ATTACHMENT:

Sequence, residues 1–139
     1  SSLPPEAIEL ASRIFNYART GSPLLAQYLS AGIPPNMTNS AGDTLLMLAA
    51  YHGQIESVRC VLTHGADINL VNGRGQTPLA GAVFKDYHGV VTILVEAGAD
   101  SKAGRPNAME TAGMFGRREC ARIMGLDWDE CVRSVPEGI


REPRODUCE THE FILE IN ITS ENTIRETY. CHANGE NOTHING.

Sequence, residues 1–139
     1  SSLPPEAIEL ASRIFNYART GSPLLAQYLS AGIPPNMTNS AGDTLLMLAA
    51  YHGQIESVRC VLTHGADINL VNGRGQTPLA GAVFKDYHGV VTILVEAGAD
   101  SKAGRPNAME TAGMFGRREC ARIMGLDWDE CVRSVPEGI